Mentoring helped Jared connect with his community.
Jared is an active 23-year-old downhill skier, volunteer, pizza aficionado and Nintendo Switch gamer who lives in North Bay with his parents, Cheryl and Todd. Like many young people, Jared, who has autism, has experienced peaks and valleys as he tries to find his own path and build a full life for himself within his community.
Cheryl and Todd indicate that when Jared was growing up, he was quite flexible and adapted to moving to a number of different schools. But eventually, they decided that Jared might benefit from additional support to build his social skills and to become more independent. That’s when Cheryl and Todd were referred to Community Living Ontario’s Student Links initiative, and the peaks on Jared’s journey started to far outnumber the valleys.
Student Links is an opportunity for students (ages 14 to 21) who have an intellectual disability to explore ideas for their future after high school. It matches students
with mentors who share a common passion or interest. This gives students a chance to make informed decisions about their future prior to leaving school and to support the natural development of relationships and connections to their community.
Students are often introduced to several mentors, which helps them explore different options and build a variety of skills. One of Jared’s first mentors with Student Links ended up moving to Ottawa, which cut short their in-person relationship. However, she began to write to Jared and they continued to correspond. Seeing Jared’s communication skills growing in this way was a new and surprising development for Cheryl and Todd.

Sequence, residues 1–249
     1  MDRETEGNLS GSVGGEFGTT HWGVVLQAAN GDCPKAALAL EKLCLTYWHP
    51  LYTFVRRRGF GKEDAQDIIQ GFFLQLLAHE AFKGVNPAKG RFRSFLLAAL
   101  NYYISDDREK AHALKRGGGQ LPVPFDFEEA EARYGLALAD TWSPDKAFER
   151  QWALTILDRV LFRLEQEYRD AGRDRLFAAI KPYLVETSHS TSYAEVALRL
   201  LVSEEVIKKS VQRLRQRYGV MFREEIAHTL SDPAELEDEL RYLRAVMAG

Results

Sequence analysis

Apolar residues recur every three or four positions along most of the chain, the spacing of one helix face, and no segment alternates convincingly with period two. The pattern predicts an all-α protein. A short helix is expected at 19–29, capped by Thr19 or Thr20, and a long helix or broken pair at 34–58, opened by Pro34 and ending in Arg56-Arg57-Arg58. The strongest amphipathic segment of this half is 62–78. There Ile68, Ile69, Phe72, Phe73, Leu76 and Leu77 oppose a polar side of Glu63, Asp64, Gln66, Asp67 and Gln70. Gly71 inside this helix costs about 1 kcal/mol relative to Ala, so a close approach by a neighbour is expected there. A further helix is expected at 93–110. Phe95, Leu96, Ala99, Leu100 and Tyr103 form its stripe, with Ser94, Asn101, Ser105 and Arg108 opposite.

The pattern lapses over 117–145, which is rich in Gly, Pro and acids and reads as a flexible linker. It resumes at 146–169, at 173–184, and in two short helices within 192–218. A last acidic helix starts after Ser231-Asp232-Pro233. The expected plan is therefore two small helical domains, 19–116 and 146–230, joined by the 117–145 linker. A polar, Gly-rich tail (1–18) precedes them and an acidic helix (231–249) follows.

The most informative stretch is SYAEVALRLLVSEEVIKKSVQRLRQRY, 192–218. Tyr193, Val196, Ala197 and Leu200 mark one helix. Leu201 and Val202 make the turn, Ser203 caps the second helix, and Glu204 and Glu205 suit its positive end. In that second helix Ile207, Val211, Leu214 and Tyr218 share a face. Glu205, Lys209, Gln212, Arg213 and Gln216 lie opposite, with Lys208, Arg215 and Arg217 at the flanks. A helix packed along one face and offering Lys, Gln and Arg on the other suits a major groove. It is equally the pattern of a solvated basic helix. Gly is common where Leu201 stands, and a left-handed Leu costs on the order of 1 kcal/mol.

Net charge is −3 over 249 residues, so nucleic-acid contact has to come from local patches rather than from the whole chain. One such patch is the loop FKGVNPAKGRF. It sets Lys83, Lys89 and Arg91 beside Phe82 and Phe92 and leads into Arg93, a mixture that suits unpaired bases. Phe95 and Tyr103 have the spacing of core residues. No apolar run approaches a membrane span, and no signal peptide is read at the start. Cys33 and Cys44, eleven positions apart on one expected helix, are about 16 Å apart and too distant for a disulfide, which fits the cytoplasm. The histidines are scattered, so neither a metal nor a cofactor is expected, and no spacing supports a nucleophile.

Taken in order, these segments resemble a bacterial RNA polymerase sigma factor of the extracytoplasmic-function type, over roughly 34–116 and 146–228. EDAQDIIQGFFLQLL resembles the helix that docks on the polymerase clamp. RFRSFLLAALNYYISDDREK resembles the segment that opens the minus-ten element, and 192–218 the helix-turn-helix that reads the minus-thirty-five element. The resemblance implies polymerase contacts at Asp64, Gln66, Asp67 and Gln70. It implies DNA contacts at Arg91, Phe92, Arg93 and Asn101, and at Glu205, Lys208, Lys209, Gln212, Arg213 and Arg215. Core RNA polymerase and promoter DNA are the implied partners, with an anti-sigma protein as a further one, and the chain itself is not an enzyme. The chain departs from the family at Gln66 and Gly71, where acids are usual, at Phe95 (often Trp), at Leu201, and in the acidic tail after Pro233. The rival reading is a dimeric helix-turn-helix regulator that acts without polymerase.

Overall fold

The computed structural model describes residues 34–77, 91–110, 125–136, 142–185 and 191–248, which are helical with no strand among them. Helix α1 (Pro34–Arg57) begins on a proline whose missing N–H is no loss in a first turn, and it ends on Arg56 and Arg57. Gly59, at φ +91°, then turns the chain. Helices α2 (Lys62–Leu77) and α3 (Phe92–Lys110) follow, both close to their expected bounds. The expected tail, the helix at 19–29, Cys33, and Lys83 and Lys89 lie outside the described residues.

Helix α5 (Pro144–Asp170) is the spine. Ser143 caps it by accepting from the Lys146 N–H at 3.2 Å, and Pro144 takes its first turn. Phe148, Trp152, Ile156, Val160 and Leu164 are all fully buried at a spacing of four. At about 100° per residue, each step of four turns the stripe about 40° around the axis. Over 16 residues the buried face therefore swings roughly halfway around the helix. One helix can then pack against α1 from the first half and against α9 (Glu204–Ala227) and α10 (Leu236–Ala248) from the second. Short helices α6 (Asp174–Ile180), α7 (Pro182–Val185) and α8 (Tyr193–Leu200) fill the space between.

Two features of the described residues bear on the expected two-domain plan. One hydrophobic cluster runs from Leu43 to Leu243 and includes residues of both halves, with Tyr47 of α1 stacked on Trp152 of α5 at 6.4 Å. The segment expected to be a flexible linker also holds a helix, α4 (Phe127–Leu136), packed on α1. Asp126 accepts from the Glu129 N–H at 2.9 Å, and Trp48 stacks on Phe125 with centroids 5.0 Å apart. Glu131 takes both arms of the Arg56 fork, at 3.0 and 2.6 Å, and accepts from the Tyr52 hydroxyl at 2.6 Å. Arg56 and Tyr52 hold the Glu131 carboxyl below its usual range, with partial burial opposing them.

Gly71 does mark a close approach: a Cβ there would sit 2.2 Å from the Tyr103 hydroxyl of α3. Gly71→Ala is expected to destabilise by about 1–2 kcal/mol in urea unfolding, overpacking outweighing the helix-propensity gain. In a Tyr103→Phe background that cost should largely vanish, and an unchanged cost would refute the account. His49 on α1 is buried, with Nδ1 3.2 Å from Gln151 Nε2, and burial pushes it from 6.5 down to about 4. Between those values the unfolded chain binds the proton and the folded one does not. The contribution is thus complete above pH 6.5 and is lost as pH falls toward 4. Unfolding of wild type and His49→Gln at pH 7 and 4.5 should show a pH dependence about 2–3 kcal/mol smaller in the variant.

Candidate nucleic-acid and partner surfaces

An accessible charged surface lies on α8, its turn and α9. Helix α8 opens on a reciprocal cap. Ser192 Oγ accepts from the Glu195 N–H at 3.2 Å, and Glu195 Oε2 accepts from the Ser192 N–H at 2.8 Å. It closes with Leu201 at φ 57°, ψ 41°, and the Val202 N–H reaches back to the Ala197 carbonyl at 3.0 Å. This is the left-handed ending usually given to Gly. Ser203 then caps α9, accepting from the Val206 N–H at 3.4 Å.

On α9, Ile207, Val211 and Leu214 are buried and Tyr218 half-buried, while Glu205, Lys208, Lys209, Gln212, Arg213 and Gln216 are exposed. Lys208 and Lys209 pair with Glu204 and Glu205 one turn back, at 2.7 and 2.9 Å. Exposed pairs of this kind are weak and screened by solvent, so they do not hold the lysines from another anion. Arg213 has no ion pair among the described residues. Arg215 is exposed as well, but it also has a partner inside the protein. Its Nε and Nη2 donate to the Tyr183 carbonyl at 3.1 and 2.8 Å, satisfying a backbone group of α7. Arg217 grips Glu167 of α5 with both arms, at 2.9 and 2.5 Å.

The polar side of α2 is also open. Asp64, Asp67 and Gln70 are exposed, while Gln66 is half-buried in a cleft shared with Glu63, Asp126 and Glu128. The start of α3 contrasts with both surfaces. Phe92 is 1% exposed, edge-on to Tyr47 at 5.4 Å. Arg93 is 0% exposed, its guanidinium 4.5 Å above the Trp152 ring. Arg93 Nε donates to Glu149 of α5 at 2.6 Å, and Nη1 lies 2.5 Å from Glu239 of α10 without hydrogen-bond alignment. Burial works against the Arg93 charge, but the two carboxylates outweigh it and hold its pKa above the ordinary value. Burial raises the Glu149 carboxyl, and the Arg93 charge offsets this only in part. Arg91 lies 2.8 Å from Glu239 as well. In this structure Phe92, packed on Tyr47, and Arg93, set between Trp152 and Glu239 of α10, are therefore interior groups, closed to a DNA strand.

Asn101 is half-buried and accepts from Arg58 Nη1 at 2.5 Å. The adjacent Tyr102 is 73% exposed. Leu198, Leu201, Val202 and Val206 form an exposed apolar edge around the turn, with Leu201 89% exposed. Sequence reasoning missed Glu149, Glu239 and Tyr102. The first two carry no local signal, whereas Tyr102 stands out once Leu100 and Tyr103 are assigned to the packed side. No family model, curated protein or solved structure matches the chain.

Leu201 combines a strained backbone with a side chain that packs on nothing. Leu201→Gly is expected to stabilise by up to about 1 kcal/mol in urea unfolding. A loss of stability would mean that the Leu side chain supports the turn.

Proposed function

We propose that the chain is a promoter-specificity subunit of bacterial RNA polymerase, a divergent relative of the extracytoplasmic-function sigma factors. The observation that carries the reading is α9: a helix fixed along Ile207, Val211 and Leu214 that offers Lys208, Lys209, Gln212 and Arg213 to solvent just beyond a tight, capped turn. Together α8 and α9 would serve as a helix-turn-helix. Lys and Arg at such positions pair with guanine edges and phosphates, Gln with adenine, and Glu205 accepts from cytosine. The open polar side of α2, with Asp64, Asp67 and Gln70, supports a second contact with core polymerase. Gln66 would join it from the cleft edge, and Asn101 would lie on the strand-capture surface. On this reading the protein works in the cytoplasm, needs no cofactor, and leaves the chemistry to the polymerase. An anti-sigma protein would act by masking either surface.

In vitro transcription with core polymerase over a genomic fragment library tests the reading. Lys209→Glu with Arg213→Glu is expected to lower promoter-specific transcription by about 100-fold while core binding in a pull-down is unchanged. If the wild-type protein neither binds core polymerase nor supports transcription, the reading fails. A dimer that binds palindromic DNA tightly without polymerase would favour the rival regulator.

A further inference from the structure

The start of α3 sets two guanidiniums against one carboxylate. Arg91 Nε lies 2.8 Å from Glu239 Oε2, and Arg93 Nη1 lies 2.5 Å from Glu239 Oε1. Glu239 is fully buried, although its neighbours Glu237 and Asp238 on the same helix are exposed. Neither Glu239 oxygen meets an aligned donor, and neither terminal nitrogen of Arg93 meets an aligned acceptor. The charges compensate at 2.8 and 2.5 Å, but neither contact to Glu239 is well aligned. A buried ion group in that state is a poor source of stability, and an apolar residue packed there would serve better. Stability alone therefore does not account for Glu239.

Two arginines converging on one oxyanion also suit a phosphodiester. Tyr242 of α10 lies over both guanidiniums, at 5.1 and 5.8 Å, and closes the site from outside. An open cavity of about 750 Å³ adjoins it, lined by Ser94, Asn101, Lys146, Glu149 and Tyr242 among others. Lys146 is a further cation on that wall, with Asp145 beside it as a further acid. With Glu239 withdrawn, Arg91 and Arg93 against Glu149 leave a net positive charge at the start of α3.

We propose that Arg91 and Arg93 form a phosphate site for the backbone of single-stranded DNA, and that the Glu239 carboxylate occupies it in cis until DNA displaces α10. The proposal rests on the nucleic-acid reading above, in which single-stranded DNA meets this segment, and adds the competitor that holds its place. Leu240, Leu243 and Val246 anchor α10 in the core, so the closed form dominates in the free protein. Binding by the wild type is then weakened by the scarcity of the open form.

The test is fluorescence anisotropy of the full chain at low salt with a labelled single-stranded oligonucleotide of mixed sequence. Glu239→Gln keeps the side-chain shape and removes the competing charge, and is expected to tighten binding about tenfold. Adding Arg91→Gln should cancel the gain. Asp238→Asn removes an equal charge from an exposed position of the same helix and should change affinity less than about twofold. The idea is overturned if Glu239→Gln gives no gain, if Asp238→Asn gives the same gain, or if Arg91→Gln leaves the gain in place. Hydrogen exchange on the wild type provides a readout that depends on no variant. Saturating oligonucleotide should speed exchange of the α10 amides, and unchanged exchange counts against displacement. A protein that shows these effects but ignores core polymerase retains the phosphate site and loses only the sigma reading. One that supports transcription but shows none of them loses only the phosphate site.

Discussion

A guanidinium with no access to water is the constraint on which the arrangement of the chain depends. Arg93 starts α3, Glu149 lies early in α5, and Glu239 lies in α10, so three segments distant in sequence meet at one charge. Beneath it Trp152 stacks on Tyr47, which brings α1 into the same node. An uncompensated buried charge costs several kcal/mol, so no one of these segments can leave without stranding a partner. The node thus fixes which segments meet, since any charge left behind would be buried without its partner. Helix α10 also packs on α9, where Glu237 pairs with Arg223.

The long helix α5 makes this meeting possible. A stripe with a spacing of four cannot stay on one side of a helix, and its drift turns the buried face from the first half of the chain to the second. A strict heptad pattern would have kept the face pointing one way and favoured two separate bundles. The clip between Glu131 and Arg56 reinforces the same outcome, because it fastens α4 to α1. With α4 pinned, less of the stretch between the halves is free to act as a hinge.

Jared was also interested in exploring volunteer opportunities in his community, so one of his mentors helped connect him to a role at the North Bay Golf & Country Club. The experience Jared gained in this role helped enhance his confidence and instill the values of hard work and responsibility. Opportunities to exercise these skills are unfortunately often filled with barriers for people who have a disability, but thanks to the support and guidance of his mentor, Jared was able to successfully navigate these barriers.
Jared’s final mentor match was Hobie, then a student at Nipissing University who is now a Northern Ontario Police Officer. He helped broaden Jared’s network by introducing him to a number of people in the university campus community. When Hobie learned that one of Jared’s goals was to get a job at a local pizza restaurant, he helped Jared prepare a resume, research employers and job opportunities, and practice interviewing skills.
As their mentorship progressed, Hobie and Jared learned that they shared many things in common. In addition to their skill-building sessions, Jared and Hobie would regularly engage in long nights of gaming with Hobie’s roommates and grab a bite to eat at Jared’s favourite pizza place.
With the help of his mentors, Jared is finding his place and building a great life in the community. Cheryl and Todd encourage all families who have a loved one who has an intellectual disability to consider Student Links. In their view, the right mentorship relationship has the power to catalyze positive change – and create opportunities to have fun as well! They have been active within the Community Living movement for a few years no w, and over the past several months have generously volunteered their time to help Community Living Ontario develop a new program evaluation model with staff and other families.
“We want to help other families make those connections earlier and get more involved and let other families know they are not alone,” says Todd.
While the pandemic has altered some of Jared’s plans, he continues to look to the future with newfound confidence and skills that will help him on his journey toward finding employment, making new friends and building an even fuller life within his community.
Community Living Ontario works hard every day to support people who have an intellectual disability and their families. And we in turn need the generous support of people like you to continue this work – even more so now as we continue to navigate the challenges brought on by the pandemic. Help us help people and families like Jared’s forge a path towards independence, inclusion and a full life in our communities.